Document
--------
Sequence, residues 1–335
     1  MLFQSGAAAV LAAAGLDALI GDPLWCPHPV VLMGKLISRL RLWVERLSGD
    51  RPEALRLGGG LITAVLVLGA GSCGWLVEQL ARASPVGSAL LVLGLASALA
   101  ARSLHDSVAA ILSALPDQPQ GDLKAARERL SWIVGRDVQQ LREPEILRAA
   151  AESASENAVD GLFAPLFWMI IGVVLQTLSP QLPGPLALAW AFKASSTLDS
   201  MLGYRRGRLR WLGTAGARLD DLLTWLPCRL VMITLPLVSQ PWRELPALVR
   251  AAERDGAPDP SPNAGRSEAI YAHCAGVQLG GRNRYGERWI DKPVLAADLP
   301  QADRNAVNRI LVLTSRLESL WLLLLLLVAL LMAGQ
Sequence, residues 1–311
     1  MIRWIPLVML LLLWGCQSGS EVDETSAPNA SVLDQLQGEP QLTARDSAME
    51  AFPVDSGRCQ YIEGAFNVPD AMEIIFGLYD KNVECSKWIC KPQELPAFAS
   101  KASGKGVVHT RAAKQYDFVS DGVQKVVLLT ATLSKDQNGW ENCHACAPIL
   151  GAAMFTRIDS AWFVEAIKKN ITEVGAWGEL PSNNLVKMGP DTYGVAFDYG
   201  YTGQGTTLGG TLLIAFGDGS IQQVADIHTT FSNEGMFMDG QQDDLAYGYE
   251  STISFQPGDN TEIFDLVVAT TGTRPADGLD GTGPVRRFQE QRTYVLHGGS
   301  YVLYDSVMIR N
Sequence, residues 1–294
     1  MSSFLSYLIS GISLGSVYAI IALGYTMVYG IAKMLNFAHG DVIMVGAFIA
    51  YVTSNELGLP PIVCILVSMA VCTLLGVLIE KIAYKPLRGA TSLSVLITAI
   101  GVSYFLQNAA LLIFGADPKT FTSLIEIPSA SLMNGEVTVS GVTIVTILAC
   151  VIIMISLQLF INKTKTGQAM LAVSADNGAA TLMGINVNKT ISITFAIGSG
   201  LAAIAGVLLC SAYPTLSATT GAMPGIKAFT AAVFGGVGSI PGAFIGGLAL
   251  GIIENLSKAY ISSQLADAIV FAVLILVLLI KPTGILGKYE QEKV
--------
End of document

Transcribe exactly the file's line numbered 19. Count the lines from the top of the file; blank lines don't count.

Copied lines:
    51  YVTSNELGLP PIVCILVSMA VCTLLGVLIE KIAYKPLRGA TSLSVLITAI